Mindfulness for productivity

Mindfulness for productivity

The definition of mindfulness is the ability to stay in the present moment with whatever type of experience, emotion or sensation you might experience. 

When applied to the various areas of our lives, this simple exercise can lead to a more conscious and fulfilling life. 

Mindfulness is not only for the monk who decides to dedicate his entire life to meditation, or to those hippies who spend hours chanting and enjoying silence. 

Mindfulness has become more mainstream nowadays and it might be the only one thing that I’m happy about becoming mainstream.

“But, why?” I hear you saying. Isn’t it better to have this tool in  the right hands? 

The answer is no. The more people use this tool even if they are not dedicated to spirituality, the better the world becomes. 

Any type of activity can improve when and if mindfulness is applied. 

Mindfulness for productivity: The state of Flow

A lot of folks might have heard the state of flow that Mihaly Csikszentmihalyi talks about in his book entitled “Flow: The Psychology of Optimal Experience”. This is a state in which one forgets about the world around themselves and is fully emerged in the task at hand. 

In that space, productivity skyrockets. There is no way you cannot deliver and show up to the thing you need to do 100%. 

I still remember the day I sat down to do my tax return. An activity that can be so daunting at times, was flowing nicely and quickly. I sat down and used what I learned in my meditation practice. I used mindfulness for productivity. In about a couple of hours, I was done with the taxes, double checked numbers and I was ready to move on to my next thing. 

What made the difference was the full presence of my mind in the here and now. 

The difference was that I had no particular story running in my head. 

It was just me, the numbers and the inner wisdom that was guiding my action. 

And no, this is not a fantasy. 

Many other authors talk about this state of flow, one of them being M Singer. In his book, The Surrender experiment he talks about how he wrote his dissertation in a burst of inspiration and how he did all the things he did, including managing a big company and hundreds of employees, using the art of staying in the present moment and training his mind to be fully immersed into the here and now.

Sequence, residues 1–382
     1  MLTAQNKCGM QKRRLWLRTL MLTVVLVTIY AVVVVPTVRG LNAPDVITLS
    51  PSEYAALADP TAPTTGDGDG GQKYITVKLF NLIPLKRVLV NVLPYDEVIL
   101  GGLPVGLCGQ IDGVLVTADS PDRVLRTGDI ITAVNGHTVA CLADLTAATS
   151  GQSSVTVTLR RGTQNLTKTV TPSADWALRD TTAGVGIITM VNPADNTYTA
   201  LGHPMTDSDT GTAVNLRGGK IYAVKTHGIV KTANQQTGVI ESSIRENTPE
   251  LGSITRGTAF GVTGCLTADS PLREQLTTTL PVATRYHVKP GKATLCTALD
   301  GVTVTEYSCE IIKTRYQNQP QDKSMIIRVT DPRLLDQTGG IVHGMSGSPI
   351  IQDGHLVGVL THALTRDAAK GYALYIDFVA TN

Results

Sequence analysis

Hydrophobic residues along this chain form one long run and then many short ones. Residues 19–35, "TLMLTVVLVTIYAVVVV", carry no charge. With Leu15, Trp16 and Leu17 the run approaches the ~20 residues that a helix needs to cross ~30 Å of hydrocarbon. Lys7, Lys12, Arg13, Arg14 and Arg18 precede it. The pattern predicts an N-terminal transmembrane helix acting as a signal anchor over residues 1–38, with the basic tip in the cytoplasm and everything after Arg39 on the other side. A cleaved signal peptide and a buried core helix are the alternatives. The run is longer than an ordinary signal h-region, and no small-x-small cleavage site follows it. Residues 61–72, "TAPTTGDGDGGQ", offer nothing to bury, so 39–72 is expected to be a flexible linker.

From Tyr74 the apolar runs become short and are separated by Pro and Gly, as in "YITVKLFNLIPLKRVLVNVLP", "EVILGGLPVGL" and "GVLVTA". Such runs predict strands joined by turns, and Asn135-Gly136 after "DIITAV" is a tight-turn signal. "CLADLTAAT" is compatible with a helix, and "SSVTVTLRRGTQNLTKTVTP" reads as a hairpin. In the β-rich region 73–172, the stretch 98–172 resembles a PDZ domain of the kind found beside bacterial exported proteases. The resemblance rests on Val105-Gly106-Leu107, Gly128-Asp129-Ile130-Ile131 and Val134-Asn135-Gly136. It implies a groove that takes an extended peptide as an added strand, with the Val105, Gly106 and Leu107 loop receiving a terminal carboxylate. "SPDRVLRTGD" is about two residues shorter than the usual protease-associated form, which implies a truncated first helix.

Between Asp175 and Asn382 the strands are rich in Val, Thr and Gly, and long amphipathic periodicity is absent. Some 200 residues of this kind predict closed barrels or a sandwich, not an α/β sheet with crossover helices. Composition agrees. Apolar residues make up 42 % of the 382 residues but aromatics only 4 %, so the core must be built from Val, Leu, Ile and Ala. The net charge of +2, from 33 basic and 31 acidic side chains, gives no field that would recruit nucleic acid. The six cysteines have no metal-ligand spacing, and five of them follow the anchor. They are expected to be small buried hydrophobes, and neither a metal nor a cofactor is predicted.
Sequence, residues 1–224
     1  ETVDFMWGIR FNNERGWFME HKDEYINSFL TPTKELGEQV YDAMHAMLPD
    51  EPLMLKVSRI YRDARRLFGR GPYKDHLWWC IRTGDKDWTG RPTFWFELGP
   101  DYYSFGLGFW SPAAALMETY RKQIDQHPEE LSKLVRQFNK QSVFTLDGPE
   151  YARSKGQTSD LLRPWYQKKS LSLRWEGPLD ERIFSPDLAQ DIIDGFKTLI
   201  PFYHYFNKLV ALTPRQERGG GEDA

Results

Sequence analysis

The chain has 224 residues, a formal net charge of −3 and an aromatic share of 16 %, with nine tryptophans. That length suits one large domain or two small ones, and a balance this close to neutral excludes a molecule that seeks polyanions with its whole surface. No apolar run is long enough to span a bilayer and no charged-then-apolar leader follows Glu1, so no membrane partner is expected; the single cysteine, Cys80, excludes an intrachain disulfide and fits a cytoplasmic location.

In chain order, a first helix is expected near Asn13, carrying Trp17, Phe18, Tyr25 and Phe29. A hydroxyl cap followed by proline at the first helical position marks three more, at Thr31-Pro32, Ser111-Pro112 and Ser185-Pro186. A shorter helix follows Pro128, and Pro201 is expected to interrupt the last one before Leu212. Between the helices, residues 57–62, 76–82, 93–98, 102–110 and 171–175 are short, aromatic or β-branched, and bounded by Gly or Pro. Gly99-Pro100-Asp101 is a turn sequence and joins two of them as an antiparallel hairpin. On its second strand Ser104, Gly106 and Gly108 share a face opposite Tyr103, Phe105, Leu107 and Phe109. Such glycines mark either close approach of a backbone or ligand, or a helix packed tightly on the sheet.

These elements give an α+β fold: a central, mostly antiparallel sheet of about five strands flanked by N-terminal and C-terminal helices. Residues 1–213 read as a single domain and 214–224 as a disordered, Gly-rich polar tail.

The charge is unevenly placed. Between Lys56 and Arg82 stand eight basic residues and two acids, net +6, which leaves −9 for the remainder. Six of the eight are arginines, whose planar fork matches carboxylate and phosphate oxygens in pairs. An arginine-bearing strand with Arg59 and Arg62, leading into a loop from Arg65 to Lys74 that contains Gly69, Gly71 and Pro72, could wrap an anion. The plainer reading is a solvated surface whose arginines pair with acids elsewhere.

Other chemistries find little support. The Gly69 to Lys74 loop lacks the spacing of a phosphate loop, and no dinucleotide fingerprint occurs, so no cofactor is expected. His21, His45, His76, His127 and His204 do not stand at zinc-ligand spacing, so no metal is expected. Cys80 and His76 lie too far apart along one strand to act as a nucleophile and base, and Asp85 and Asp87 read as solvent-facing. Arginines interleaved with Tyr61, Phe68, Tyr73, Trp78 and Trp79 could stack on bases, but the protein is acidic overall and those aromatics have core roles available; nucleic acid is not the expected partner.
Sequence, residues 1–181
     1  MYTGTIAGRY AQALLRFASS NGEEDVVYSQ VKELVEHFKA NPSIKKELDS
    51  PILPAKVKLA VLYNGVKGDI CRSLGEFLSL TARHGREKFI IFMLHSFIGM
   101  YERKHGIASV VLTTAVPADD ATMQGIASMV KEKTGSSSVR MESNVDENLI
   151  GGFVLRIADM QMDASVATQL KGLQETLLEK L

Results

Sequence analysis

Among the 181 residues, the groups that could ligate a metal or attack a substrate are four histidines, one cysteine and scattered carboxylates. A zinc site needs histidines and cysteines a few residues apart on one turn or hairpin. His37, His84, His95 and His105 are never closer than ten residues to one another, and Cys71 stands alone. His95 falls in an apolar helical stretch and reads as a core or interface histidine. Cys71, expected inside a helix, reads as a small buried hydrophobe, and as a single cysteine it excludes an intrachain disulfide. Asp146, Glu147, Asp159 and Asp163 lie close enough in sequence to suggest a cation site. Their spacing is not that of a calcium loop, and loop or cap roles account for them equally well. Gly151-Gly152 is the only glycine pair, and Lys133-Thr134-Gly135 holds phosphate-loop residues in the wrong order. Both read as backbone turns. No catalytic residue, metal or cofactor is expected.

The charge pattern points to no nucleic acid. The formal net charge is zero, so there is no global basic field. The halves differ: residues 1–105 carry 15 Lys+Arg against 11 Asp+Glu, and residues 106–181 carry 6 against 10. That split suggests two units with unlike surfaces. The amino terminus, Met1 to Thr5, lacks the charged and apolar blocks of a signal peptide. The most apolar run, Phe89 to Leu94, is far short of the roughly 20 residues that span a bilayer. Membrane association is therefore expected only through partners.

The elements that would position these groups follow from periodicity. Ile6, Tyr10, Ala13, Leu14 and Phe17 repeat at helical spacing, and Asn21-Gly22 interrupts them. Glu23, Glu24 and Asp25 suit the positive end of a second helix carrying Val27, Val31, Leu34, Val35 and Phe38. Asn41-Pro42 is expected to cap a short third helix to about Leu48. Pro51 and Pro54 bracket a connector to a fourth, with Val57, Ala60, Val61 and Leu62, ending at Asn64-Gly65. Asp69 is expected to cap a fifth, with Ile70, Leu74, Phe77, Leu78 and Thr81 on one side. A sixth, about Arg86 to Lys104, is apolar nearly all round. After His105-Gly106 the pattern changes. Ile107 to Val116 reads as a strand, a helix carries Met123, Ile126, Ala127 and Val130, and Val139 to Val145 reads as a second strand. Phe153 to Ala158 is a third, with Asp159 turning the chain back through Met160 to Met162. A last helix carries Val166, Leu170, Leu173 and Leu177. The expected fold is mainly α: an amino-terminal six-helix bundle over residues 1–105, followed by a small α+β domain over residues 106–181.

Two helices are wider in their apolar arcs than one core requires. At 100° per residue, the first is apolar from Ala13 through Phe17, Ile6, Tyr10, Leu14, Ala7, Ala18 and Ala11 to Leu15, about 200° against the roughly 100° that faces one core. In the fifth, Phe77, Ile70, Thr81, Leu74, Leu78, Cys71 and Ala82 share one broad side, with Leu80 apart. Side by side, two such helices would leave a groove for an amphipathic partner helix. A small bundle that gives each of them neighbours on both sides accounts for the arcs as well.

But how do we achieve this state? Let’s take it step by step. 

Learning to stay present

First of all, take some time in your day to train your mind into being present in the here and now. If you have never practiced mindfulness before, a great place to start is “Headspace”. A very easy to use app that guides you in the art of mindfulness. It is simple and easy, and you can practice as little as 2 to 5 minutes. The key is to show up to that intention that you have for yourself and be consistent. In a couple of days you will notice how your mind is calmer and more attuned to the present moment. 

Use productivity tools and mindfulness to help your process

Next is to make a plan for what you want to accomplish. Setting yourself a goal, a target or an intention will give your mind something to work on and when you actually will get to do the task, it will know exactly what it needs to accomplish. This is what I consider as getting out of your way and making things simpler for your mind. Is the same as adding some plants to your room. Scientifically we know plants improve your mood, so why not have some just next to your desk? 

Tuning into the present moment

Thirdly and most importantly, turn off all your notifications when you are about to start the task. Forget about messaging, checking your emails or checking the time. 

Allow yourself to forget about the outer world and just focus on the task on hand. Practice some deep breathing exercises as the ones you learn in your mindfulness practices and get to it. One of the tools which might help you in this process is the Pomodoro technique.

You will quickly see how, what usually took you an hour to get done, takes half of the time now. And don’t be surprised. This is what science promises and this is what mindfulness has to offer us. It is not an easy job, and we need to show up to our practice, but the results are so beyond what you ever experience, that giving it a shot is worth the work. 

Tell me, have you come across the concept of flow before? And have you experienced that in the past? Did you use mindfulness for productivity? What helps you to stay present to the task at hand? Where have you learned how to focus and concentrate? 

If you need extra accountability, get in touch and we can work out a plan that will support your long-term and short term goals!